“It just shows that the priorities within the rule are skewed against the farmer in a way that would prohibit and restrict commerce as opposed to promoting commerce,” Robison told Hemp Industry Daily.

On Tuesday, Idaho Governor Brad Little issued an executive order which will allow interstate transport of hemp through the state. According to a press release, the USDA’s publication of interim rules for hemp production put Idaho law into conflict with federal law with respect to interstate transportation of hemp.

While the 2018 Farm Bill legalized hemp at the federal level, the crop remains illegal in Idaho, creating problems for companies needing to ship hemp across the state. Earlier this year, three truckers were charged with felony drug trafficking for transporting hemp through Idaho. (All three later pleaded guilty to misdemeanors).

The executive order “serves as a stopgap measure until the Idaho Legislature enacts a more permanent solution.” Until that happens, the order should help resolve conflicts between state and federal law.

While South Dakota’s governor, Kristi Noem (R-SD) maintains her oppositional stance on hemp, tribal groups within the state are planning on growing hemp within their own borders. The Flandreau Santee Sioux Tribe and Oglala Sioux Tribe have both filed applications with the US Department of Agriculture to grow industrial hemp.

The tribes are two of eleven tribes that have filed applications with the USDA since the interim rules for hemp production were published at the end of October.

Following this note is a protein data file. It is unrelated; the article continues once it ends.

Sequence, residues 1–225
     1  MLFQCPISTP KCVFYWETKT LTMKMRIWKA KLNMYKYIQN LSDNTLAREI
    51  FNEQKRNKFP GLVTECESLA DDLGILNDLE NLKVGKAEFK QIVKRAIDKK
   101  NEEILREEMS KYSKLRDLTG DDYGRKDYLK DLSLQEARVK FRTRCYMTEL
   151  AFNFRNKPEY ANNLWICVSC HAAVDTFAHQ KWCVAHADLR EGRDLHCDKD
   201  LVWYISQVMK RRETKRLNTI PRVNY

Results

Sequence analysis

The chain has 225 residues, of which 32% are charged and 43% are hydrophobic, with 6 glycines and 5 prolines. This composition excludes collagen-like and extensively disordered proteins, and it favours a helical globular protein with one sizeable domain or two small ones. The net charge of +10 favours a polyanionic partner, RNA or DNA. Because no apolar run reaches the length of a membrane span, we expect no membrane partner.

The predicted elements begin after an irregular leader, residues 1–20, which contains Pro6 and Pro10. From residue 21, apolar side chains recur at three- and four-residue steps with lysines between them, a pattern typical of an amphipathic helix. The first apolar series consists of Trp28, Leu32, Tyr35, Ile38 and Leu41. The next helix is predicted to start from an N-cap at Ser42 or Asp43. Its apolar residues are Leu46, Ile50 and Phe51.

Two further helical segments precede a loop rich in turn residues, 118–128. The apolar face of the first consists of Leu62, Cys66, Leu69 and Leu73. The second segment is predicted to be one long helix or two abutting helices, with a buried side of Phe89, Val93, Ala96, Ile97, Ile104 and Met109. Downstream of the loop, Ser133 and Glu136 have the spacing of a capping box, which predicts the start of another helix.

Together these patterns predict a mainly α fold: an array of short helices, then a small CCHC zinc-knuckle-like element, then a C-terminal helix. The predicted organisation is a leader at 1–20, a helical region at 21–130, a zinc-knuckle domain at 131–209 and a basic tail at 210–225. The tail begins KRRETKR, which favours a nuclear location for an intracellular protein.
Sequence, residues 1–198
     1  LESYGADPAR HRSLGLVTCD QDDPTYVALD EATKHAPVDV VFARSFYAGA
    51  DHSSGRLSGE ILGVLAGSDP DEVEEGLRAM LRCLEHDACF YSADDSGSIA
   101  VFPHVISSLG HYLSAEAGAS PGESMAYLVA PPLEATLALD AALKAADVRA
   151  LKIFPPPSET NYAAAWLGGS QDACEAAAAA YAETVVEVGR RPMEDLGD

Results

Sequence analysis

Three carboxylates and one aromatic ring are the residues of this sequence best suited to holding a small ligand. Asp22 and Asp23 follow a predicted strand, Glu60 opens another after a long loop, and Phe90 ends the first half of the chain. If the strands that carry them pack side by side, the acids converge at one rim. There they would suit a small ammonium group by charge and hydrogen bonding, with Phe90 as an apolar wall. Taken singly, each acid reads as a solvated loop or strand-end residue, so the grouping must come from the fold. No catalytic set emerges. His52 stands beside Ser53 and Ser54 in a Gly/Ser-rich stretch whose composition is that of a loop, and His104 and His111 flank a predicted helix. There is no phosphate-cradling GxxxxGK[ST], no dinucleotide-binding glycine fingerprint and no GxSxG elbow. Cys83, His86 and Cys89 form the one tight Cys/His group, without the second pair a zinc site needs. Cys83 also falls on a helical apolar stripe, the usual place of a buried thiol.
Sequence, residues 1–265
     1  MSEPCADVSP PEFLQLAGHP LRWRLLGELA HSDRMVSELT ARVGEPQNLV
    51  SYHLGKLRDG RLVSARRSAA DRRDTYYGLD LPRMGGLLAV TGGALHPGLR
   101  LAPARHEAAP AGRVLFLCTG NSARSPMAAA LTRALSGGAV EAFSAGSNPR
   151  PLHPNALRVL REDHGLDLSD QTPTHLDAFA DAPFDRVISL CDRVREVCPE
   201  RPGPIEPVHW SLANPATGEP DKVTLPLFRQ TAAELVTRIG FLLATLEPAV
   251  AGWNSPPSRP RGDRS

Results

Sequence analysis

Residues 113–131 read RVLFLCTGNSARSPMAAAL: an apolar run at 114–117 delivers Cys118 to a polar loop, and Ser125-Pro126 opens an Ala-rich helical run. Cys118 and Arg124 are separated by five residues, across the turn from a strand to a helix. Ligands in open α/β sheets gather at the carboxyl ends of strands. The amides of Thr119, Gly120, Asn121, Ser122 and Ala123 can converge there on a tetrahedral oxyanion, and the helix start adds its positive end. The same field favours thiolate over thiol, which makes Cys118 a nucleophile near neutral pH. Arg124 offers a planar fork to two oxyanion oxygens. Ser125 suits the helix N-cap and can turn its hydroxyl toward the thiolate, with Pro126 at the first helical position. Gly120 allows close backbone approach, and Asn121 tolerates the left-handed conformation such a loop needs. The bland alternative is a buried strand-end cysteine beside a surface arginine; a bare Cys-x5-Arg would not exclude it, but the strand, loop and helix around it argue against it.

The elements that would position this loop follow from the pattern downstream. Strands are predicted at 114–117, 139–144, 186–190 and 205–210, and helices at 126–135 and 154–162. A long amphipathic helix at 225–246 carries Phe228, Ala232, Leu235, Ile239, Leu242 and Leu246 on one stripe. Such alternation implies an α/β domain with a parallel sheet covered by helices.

New York state prosecutors say they will be dropping all drug possession charges against the owners of Green Angel CBD.

Earlier in November, Ronan Levy was arrested and charged with marijuana possession when police seized the company’s incoming load of hemp from a FedEx delivery truck.

Officers in the NYPD’s 75th Precinct, who were alerted to the hemp shipment by a FedEx driver, quickly posted photos of the alleged drug bust on their social media page. The case gained widespread media attention when it became clear that what they had seized was not marijuana, but fully documented legal hemp.

A new survey analyzing the hemp industry was published this week. The study, which was conducted by Whitney Economics, gives insight into both the growing pains and the immense potential of the hemp industry.

One key finding is that, fully realized, the hemp industry is poised to become the fourth major crop and a foundation to agriculture in the United States.

In fact, the study concludes that even if only a small percentage of the biomass produced by US farmers during the 2019 growing season makes it to market, hemp may already be the third-largest agricultural crop in the United States by revenue, second only to corn and soy.

According to an article in Business Wire, other key findings include:

  • 65 percent of farmers who responded to the national survey did not have a buyer for their hemp.
  • There is one processor for every four growers and the average acres per processor is 138 acres, signifying a major constraint in the hemp supply chain.
  • Licensed acreage has increased over 450% year over year generating nearly 150,000 jobs.